So how would this work for clinicians? Well the basic principles remain the same, and they each correlate to where a patient or prospective patient may be on the circle of change. For example, a patient may be experiencing shoulder pain or limitations, but feel that it may just be old age, stiffness, etc. This patient would be in the precontemplation stage of behavior change. They aren’t necessarily aware that there may be an underlying cause of their shoulder discomfort. A clinic that specializes in treating shoulders may create educational content (videos, blogs, etc) that detail common causes or factors that may influence shoulder pain. They may provide online tools or resources that help guide that prospective patient from being unaware of their problem through the contemplation and planning stages of change.

Planning & Determination

Once a prospective patient has reached the planning or determination stage, perhaps they opt in to receive a free report from that clinic’s site, or schedule a free phone consultation. Once the patient takes this step, the clinic then must change the communication strategy. No longer do they provide this prospective patient with educational material. Now, they focus on painting a picture of what life without shoulder pain could be like. They also provide testimonials, case studies, and social proof. The patient then moves to the action stage of change, perhaps by scheduling an initial assessment/appointment.

Action & Maintenance

Once the prospective patient takes the leap to become a patient and schedules their first appointment, the communication strategy again changes. At this first appointment, the clinic must not only provide a competent and evidence-based assessment, they must also take time to reassure the patient that continuing treatment will help them achieve their goal of a pain-free shoulder.

The reality is, once someone takes action (or decides to purchase), they immediately begin to feel doubts and/or regrets. Call it buyer’s remorse, but their mind begins to run through the many reasons why this service or treatment may not work. If these concerns are not addressed at the first appointment, that patient may continue to dwell on them, begin to cancel appointments, and maybe even fall off the schedule altogether.  A clinic that understands this is able to provide the reassurance that this patient needs when they come into that initial appointment.

From there, the clinician will likely need to move between education, inspiration, an reassurance throughout the treatment process and plan of care. Once a patient reaches one milestone, education takes place about the next. This may also involve having to motivate and reassure the patient to take that next step. This process continues until the patient has met their goal, has returned to baseline, or has plateaued in their progress.


Clinicians are in the change business. We help guide our patients and prospective patients from a place of unawareness through to achieving their goals and improving their health and function. This requires a deep understanding of the process of behavioral change and how it impacts patient acquisition, patient education, treatment planning, and patient retention.

Clinics that understand the process of behavioral change and are able to modify their communication and treatment strategies to meet each patient where they are on the circle of change may find improved clinical outcomes, higher patient engagement levels, and higher retention rates. It will also help them in marketing to prospective patients and acquiring new patients. And between improving patient retention and increasing new patient acquisition, those clinics may noticed improved financial metrics as well.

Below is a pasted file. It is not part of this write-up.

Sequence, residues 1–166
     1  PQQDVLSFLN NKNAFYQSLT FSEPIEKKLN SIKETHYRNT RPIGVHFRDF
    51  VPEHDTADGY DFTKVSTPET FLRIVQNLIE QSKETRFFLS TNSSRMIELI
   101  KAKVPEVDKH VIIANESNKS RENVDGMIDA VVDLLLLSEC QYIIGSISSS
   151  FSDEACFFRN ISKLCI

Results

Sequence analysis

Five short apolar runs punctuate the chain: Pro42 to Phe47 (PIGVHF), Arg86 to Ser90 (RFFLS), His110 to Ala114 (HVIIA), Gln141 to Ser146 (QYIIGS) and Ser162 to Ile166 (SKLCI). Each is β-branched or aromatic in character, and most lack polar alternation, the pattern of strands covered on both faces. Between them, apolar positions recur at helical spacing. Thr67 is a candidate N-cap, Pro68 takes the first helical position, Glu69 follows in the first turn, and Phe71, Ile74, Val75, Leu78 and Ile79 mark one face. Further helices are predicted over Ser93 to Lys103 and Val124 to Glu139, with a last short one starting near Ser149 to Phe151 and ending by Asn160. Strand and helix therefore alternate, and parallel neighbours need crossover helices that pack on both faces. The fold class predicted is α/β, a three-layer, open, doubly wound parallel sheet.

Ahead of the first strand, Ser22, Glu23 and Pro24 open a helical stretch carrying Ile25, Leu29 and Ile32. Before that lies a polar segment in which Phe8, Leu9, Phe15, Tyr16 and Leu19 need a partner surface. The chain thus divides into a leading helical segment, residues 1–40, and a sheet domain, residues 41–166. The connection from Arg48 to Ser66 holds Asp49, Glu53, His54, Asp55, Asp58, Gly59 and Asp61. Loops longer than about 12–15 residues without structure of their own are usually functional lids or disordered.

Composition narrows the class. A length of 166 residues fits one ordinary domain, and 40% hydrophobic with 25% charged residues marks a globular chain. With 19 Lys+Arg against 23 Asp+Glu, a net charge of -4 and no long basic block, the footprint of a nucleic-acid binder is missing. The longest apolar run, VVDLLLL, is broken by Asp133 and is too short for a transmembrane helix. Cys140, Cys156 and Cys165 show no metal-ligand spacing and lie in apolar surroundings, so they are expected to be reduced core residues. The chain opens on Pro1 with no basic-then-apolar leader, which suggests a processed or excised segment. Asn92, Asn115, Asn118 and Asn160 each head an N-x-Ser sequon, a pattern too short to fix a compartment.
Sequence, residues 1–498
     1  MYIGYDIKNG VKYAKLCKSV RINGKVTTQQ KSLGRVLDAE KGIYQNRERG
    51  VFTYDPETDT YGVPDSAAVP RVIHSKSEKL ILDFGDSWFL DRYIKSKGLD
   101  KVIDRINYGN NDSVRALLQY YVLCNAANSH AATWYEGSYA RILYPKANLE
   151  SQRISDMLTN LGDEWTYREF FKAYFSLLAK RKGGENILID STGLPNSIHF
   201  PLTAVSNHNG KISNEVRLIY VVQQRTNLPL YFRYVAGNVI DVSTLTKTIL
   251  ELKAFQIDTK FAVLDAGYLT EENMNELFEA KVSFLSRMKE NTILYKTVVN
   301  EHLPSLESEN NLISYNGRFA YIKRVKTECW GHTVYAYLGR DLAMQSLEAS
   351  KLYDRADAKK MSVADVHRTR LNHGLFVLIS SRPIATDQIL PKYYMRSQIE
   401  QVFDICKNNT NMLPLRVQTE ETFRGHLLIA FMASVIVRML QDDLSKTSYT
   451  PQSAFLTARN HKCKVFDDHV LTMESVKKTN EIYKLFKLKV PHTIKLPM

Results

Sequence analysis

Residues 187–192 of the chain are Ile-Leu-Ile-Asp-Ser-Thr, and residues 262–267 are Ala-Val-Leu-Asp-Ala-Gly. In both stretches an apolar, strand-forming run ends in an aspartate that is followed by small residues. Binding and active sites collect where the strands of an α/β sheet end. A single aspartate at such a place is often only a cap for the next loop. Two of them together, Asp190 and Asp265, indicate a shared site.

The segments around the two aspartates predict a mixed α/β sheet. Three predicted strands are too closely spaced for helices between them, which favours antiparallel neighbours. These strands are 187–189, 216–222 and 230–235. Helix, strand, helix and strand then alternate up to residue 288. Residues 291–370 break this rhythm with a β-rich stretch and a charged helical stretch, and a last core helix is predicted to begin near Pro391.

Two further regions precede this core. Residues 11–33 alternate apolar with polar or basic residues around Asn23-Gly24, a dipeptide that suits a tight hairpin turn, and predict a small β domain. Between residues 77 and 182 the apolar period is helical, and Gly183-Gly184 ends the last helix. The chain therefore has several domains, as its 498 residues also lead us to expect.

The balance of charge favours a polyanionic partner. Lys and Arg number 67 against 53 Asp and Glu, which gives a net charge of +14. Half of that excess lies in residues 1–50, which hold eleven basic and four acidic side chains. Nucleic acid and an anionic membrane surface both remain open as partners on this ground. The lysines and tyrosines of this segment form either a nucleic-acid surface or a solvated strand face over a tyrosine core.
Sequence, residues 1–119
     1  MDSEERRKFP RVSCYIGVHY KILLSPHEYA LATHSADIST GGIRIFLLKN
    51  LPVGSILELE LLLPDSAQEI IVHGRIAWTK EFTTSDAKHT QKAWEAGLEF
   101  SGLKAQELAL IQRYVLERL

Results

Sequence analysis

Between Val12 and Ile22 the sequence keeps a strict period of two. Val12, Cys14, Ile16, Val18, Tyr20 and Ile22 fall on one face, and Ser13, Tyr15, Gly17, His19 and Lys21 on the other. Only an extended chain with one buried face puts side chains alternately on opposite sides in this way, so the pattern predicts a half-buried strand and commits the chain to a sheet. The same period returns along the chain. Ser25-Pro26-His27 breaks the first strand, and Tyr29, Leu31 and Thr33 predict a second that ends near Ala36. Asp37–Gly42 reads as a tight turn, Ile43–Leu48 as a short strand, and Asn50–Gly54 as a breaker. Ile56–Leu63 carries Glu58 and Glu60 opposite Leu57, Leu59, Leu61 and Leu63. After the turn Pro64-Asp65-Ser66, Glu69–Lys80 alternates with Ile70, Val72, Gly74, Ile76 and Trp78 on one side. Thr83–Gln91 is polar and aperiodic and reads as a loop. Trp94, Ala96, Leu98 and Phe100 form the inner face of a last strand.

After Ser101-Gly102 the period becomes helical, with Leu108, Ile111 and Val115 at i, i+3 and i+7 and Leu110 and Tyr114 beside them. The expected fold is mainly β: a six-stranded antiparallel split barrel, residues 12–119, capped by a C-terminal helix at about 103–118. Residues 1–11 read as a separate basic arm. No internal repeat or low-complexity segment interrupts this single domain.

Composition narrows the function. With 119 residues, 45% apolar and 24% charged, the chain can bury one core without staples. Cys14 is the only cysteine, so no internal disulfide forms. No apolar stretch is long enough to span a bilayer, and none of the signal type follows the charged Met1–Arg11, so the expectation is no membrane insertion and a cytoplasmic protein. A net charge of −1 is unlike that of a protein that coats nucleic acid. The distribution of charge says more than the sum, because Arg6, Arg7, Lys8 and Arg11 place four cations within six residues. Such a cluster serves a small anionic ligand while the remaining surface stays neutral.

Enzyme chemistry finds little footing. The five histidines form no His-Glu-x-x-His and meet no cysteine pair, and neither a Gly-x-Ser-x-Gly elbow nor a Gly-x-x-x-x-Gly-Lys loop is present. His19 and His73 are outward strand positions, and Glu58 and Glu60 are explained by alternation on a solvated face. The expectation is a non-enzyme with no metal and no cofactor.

Does your clinic implement some of the principles of behavioral change in your practice? Share any additional resources that you found helpful in the comments below!

For more informational reads, check out our Blog to see all the articles we’ve published to date. Click here to head over to our resources section and check out our variety of clinical and professional resources aimed at increasing your knowledge and skills. If you’d like to make some changes in your clinic or health center, and would like some help, check out our consulting and advisement services or contact us to see how we can help you break out of the norm and provide a truly impactful patient experience.

Rafael E. Salazar II, MHS, OTR/L is the president and CEO of Rehab U Practice Solutions. He has experience in a variety of rehab settings, working with patients recovering from a variety of injuries and surgeries. He worked as the lead clinician in an outpatient specialty clinic at his local VA Medical center. He also has experience as an adjunct faculty instructor at Augusta University’s Occupational Therapy Program, as a Licensed Board Member on the GA State OT Board, has served on several committees for the national OT Board (NBCOT), and as a consultant working for the State of Georgia’s DBHDD. He is also on the Board of Directors for NBCOT. He works to help healthcare clinics and organizations deliver uniquely impactful patient experiences by improving service delivery through training & advisement.

Read his full bio Here. Read about Rehab U Here.

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[1] Cherry, K. (2019, April 06). The 6 Stages of Behavior Change. Retrieved from https://www.verywellmind.com/the-stages-of-change-2794868

[2] Behavioral Change Models. (n.d.). Retrieved from http://sphweb.bumc.bu.edu/otlt/MPH-Modules/SB/BehavioralChangeTheories/BehavioralChangeTheories6.html

[3] Marcus, B. H., Banspach, S. W., Lefebvre, R. C., Rossi, J. S., Carleton, R. A., & Abrams, D. B. (1992). Using the Stages of Change Model to Increase the Adoption of Physical Activity among Community Participants. American Journal of Health Promotion, 6(6), 424-429. doi:10.4278/0890-1171-6.6.424

[4] Hettema, J., Steele, J., & Miller, W. R. (2005). Motivational Interviewing. Annual Review of Clinical Psychology, 1(1), 91-111. doi:10.1146/annurev.clinpsy.1.102803.143833